I want to spend a couple of minutes talking about fiscal responsibility and perhaps the benchmarks we look at. In 2015 we were told by the government that the budget would be balanced in four years. Then we were told that we should be looking at a declining debt-to-GDP ratio. Then it was suggested by the government that we should really be concerned about debt service costs. Now it's unclear, I think, to the market what measures this government is using to determine when it would remove its foot from the gas pedal or from increasing stimulus spending.
With the labour market where it is currently, this government claims that we've recovered most of the jobs from the pandemic. The government also likes to point to strong growth in the last half of this year and a strong growth outlook for next year. We heard testimony from other economists at this committee just last week warning against increasing stimulus spending from here forward. Would you agree that there are risks of continuing to spend?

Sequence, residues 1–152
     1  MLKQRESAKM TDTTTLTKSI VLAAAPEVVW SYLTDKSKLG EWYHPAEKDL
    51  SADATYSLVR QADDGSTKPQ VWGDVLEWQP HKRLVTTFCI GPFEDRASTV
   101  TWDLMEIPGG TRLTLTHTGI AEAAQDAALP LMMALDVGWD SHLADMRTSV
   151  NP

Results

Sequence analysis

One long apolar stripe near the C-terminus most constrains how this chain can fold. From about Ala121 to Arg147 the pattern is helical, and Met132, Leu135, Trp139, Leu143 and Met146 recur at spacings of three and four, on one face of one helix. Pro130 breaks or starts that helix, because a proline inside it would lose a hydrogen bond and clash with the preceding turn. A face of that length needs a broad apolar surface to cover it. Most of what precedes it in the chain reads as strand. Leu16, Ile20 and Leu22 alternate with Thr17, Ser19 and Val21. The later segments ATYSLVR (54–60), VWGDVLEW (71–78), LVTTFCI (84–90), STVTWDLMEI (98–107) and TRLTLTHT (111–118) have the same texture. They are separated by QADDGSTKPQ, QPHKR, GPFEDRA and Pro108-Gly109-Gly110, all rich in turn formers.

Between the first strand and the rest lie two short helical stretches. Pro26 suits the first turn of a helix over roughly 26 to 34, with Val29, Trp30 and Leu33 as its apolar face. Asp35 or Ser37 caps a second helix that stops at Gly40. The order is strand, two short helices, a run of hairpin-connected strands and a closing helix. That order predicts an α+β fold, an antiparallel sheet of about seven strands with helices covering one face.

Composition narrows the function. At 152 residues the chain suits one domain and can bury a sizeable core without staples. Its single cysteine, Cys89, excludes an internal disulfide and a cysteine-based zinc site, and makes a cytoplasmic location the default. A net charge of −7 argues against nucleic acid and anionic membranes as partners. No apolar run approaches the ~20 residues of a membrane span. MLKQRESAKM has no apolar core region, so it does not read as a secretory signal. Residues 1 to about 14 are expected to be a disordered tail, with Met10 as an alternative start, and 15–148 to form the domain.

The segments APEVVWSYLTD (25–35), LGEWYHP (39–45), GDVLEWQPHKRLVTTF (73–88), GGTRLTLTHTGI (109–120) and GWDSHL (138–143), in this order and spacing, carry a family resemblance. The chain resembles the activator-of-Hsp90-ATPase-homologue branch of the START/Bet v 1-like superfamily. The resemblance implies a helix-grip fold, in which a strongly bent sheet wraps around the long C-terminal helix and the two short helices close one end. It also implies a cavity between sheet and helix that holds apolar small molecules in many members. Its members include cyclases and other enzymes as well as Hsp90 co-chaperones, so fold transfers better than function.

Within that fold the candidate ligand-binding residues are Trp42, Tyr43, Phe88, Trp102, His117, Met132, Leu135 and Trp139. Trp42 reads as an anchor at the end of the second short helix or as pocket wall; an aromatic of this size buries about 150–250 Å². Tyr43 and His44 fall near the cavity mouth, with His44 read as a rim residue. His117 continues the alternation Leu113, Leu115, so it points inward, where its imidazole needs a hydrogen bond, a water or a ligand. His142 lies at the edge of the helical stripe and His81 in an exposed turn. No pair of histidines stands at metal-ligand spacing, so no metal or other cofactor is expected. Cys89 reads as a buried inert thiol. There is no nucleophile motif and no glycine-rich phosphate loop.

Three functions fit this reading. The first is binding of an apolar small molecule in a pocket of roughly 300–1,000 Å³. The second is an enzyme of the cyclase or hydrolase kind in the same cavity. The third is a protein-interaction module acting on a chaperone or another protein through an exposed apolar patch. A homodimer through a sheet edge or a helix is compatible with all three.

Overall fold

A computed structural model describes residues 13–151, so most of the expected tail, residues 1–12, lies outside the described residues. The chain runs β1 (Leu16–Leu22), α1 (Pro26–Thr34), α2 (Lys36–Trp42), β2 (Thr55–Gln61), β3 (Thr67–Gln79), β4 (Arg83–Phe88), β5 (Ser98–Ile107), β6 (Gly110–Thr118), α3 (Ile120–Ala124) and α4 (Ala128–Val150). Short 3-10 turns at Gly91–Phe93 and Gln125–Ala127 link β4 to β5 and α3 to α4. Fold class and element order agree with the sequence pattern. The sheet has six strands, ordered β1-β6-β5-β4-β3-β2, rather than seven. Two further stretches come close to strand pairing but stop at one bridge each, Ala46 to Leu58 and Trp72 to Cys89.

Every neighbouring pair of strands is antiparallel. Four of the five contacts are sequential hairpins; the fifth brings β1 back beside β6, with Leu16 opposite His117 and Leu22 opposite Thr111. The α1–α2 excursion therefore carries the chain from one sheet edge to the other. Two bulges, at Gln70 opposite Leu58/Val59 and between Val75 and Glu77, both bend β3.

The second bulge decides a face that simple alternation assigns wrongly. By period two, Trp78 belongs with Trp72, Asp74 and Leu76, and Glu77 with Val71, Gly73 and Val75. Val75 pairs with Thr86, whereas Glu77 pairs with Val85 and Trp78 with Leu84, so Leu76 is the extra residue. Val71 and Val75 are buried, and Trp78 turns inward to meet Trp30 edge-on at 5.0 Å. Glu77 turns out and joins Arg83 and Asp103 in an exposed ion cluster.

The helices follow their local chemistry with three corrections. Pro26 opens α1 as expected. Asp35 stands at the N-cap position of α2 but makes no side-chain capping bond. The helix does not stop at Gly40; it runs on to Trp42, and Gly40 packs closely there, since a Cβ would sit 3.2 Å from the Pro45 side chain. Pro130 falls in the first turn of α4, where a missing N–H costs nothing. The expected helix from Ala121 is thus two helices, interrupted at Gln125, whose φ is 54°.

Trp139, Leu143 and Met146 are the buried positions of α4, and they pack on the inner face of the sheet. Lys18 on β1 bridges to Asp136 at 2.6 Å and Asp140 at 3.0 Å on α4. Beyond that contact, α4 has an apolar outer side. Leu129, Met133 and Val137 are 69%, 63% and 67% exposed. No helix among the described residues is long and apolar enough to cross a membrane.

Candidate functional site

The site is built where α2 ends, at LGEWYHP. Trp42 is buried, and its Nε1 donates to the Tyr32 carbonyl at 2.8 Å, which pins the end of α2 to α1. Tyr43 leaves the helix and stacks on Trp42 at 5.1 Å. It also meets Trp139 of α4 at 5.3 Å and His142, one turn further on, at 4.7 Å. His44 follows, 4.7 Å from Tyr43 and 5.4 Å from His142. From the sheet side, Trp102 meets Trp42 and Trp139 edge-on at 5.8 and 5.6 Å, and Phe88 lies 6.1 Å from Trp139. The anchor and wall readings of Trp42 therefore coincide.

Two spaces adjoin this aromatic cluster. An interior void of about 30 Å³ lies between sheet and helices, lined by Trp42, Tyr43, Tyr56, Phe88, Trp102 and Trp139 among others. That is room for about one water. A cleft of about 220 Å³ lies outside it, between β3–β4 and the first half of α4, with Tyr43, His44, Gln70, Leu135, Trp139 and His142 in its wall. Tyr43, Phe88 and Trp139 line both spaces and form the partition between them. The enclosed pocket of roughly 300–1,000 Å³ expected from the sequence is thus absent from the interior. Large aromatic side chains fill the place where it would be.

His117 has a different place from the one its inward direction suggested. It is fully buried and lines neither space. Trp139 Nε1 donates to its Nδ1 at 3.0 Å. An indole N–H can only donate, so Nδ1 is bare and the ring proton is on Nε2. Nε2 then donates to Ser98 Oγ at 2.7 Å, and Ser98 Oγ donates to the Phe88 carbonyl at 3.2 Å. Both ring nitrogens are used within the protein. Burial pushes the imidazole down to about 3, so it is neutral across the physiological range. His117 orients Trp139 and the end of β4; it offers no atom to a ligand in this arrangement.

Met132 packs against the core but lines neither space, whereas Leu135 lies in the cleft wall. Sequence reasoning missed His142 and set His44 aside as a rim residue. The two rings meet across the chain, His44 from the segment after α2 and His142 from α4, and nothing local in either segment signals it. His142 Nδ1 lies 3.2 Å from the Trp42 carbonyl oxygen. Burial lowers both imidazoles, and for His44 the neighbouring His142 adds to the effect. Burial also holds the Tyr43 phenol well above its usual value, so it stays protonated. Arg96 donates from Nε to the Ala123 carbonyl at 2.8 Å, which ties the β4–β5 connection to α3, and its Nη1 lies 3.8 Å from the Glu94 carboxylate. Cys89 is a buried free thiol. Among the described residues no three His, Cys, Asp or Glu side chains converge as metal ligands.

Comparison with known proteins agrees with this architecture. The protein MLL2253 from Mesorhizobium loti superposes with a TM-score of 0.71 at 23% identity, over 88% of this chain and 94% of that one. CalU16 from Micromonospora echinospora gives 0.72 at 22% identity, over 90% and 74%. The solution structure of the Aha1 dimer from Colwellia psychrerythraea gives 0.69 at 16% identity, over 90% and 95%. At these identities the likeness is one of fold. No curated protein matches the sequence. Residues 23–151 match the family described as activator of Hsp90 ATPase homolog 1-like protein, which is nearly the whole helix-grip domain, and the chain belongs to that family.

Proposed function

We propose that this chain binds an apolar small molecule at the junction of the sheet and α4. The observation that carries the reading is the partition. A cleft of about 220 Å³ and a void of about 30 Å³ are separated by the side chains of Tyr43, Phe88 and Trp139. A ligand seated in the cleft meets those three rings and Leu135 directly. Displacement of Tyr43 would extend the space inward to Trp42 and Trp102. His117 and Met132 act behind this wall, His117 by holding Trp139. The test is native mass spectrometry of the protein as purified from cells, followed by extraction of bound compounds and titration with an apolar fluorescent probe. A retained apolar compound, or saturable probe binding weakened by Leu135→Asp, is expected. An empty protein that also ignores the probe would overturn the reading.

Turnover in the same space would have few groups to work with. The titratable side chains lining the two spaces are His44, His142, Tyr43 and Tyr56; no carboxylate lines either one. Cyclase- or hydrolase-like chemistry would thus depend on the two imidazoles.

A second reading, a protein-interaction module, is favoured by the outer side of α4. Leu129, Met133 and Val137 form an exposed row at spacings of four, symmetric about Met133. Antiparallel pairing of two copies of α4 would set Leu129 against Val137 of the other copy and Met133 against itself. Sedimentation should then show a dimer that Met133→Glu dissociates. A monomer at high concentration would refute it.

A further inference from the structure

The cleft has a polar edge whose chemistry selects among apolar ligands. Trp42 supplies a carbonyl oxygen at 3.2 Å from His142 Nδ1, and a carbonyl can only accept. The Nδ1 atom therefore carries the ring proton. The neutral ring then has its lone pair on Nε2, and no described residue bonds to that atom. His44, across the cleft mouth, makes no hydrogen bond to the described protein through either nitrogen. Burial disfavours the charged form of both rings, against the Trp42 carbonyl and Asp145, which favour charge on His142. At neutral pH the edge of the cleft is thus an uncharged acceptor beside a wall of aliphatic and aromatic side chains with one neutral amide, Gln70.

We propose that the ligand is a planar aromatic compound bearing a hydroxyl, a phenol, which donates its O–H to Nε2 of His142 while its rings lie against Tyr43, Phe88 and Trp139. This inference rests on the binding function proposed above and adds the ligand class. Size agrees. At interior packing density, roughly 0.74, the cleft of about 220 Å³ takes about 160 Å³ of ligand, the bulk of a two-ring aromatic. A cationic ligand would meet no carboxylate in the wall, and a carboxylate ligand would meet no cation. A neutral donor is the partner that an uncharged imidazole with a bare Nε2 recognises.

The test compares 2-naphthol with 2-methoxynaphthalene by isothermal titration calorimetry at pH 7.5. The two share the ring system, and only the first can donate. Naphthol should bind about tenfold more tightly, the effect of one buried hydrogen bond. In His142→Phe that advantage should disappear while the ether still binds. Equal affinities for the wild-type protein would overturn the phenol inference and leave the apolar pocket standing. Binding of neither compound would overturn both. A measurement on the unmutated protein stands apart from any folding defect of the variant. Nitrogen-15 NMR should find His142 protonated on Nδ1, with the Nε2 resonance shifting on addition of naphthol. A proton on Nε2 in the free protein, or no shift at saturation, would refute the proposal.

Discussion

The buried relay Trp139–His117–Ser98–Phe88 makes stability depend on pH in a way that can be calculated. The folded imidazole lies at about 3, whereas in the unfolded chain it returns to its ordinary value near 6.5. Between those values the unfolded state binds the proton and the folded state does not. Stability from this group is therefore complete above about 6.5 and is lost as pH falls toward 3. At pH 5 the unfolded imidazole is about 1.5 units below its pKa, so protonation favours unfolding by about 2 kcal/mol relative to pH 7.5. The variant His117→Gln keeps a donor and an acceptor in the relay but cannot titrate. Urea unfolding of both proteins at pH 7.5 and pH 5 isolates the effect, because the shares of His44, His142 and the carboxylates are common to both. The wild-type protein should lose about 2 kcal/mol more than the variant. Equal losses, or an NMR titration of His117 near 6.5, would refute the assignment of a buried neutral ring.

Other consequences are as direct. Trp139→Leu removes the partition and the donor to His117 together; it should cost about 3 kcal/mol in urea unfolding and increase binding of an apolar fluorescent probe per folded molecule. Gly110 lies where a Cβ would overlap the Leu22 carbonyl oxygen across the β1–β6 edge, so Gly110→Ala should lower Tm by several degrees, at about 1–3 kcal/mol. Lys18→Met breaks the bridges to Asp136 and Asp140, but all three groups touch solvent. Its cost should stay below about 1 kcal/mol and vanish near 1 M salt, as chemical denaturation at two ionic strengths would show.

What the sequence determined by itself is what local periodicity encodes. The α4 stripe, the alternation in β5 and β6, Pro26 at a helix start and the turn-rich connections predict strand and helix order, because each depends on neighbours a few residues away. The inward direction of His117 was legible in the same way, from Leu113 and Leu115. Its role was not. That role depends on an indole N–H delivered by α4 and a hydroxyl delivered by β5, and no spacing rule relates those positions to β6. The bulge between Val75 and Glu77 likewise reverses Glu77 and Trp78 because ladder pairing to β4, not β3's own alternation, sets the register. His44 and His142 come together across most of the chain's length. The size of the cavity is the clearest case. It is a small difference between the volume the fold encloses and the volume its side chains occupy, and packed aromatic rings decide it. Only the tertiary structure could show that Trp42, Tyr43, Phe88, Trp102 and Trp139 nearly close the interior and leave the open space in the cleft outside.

There's a lot that could be said on that, so just to be to be very brief, I would first point to page 92 of our full recommendations document, which is available online, in which our points are made. I would say our focus right now is on what's called the “next policy framework”, which is essentially the framework that allows transfers to the provinces and creates the spending from Agriculture and Agri-Food Canada for enhancing our agriculture industry. That's where we would like to see these climate considerations and biodiversity considerations tied in.
To your point, there are actually a lot of good win-win situations with agriculture and both of the points you brought up—nature-based solutions and this transition to a low-carbon economy. There are known cost savings that could be achieved, known payments to farmers that result in benefits to the country, recognizing their stewardship to the land financially in order to basically incent certain activities on private farm lands.
If you look into our document, to which I would point you, there are a number of very specific recommendations around regenerative agriculture, supporting the industry in transitioning to a more sustainable framework.